Your heart isn’t just a blood-pumping, oxygen-infusing machine, it’s also responsive to our stress levels. When we are stressed we feel a sudden jolt as our heart rate increases and blood pressure goes up. If the stressful event is short lived, body functions will soon return to normal. However, if there is an inability to fully recover from the stressful situation, the presence of high levels of stress hormones can increase blood pressure therefore increasing the risk of heart disease.

Meditation, breathing exercises and physical activities with a mind-body component like yoga and tai chi have been shown to reduce heart-damaging stress and promote good health and high tolerance for stress or resilience. Taking moments to disconnect and walk in nature is ideal, as it lifts the spirit while fulfilling your exercise needs. Dancing is as great for your heart as it is fun - any kind of movement, especially the kinds that you enjoy, are good for you.

Have More Fun

Within the philosophy of Chinese Medicine, most heart attacks are due to the failure of the Heart Protector, which recharges with fun and loving connections with others. To put it plainly — the heart needs joy. If we don’t currently have enough, it’s time to find more. Research has shown that laughter increases the blood supply to the heart. Spend more time doing things that you find fun! Whether that’s reading a book, talking to friends, watching a movie, riding a bike, or going on a hike, find something that fills your heart with joy.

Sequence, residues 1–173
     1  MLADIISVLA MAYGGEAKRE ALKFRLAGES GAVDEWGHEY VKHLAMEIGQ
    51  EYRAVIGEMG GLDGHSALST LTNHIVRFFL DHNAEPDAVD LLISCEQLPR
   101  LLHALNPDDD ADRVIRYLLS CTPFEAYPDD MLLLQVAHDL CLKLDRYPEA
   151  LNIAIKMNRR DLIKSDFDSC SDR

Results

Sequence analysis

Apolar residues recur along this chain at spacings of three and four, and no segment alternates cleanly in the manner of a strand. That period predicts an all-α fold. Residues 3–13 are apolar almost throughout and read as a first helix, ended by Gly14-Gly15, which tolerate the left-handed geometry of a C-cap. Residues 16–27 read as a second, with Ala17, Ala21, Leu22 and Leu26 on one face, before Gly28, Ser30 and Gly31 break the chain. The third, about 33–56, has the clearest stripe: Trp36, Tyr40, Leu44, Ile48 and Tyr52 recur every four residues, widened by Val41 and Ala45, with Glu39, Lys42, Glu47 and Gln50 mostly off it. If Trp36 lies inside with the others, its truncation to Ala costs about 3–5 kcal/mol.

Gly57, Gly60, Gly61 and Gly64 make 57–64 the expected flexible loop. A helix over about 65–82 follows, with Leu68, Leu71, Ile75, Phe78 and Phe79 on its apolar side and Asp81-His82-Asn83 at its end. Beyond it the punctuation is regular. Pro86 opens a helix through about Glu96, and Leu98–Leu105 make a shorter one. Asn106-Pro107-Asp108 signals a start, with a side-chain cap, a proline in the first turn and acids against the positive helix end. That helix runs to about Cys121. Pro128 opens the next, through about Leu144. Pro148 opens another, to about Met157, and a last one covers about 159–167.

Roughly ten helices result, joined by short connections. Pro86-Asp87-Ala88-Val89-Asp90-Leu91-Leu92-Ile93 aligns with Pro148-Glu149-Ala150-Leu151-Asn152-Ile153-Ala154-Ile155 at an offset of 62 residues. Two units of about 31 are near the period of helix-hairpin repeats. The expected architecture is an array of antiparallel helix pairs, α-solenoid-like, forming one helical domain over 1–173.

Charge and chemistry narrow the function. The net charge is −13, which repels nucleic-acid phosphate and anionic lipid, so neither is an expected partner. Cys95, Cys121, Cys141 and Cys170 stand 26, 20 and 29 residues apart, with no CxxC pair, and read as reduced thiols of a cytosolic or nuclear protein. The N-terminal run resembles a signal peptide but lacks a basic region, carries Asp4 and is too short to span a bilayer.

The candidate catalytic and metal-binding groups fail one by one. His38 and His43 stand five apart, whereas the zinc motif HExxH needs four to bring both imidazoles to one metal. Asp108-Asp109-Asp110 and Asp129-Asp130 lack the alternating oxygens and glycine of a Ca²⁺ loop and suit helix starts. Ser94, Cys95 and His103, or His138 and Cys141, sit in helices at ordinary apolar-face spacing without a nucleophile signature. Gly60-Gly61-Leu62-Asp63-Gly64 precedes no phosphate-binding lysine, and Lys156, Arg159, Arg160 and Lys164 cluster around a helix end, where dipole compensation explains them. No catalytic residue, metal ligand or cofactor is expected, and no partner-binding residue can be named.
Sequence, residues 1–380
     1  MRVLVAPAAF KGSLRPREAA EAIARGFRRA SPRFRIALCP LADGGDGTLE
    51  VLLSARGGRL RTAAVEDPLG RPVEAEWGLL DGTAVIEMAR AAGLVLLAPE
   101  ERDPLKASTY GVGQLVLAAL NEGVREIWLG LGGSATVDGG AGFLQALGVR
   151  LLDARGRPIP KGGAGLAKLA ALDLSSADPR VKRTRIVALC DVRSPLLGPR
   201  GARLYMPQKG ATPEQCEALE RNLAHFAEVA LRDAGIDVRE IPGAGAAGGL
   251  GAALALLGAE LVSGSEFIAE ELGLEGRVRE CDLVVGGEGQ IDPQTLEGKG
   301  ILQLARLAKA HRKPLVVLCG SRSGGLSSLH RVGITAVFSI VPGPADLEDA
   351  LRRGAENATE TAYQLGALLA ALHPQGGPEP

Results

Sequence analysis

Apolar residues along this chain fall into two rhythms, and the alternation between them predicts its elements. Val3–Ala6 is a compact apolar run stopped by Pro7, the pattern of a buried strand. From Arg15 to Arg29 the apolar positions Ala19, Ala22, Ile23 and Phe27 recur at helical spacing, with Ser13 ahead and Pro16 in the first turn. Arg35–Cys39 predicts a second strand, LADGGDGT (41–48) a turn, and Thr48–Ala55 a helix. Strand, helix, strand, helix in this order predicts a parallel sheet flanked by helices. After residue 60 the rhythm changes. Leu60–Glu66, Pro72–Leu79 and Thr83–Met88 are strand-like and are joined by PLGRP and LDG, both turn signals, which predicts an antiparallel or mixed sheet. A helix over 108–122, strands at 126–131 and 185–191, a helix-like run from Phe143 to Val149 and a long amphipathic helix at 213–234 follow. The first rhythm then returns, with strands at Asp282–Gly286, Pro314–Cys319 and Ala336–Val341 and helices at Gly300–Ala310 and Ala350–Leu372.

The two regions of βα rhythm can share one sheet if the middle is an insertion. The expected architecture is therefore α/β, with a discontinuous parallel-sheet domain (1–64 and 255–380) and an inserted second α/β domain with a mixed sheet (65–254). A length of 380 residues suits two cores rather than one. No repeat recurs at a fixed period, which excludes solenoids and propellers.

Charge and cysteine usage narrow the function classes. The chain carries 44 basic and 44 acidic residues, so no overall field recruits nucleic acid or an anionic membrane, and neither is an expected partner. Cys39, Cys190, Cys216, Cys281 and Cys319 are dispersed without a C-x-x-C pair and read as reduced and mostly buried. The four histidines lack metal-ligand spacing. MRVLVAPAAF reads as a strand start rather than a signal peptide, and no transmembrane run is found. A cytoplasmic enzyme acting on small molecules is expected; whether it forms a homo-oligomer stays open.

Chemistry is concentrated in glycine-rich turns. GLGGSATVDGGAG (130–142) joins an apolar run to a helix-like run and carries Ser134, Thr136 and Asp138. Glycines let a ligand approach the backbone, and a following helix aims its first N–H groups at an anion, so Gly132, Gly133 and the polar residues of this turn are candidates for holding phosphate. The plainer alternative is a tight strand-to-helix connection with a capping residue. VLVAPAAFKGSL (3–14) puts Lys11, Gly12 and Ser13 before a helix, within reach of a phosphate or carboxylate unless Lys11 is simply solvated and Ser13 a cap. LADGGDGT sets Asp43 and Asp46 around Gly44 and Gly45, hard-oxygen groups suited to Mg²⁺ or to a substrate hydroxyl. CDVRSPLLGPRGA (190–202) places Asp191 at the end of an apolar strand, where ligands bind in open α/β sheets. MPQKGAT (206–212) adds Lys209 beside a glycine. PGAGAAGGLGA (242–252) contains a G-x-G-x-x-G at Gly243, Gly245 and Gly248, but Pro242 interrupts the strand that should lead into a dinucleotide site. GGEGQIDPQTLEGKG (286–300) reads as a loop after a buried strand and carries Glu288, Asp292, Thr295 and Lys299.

Build connections with people. Loneliness is bad for us generally as human beings are innately social creatures. Particularly bad for our hearts, loneliness has been linked to both a 30 percent increase in heart disease like coronary heart disease or stroke, as well as an increased risk of high blood pressure. So what can we do about it? Know that if you find yourself isolated, you are not alone. Our connections with others allow us to grow and thrive. Reach out to friends and loved ones and stay engaged in your community - you may find strength and companionship by taking part of an activity or cause outside of yourself.

Your heart is a wonderful and complex organ that is crucial to your health and well-being. Remember that while taking these steps towards a healthier lifestyle, give yourself moments to pause, breathe, and show your body compassion as you transition to any new lifestyle change. Use your imagination and your creativity, and be kind to yourself and your heart while you try new things.

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We believe eating delicious is crucial to a healthy diet. Each week, our team of chefs design a new menu for what's in season, fresh and flavorful.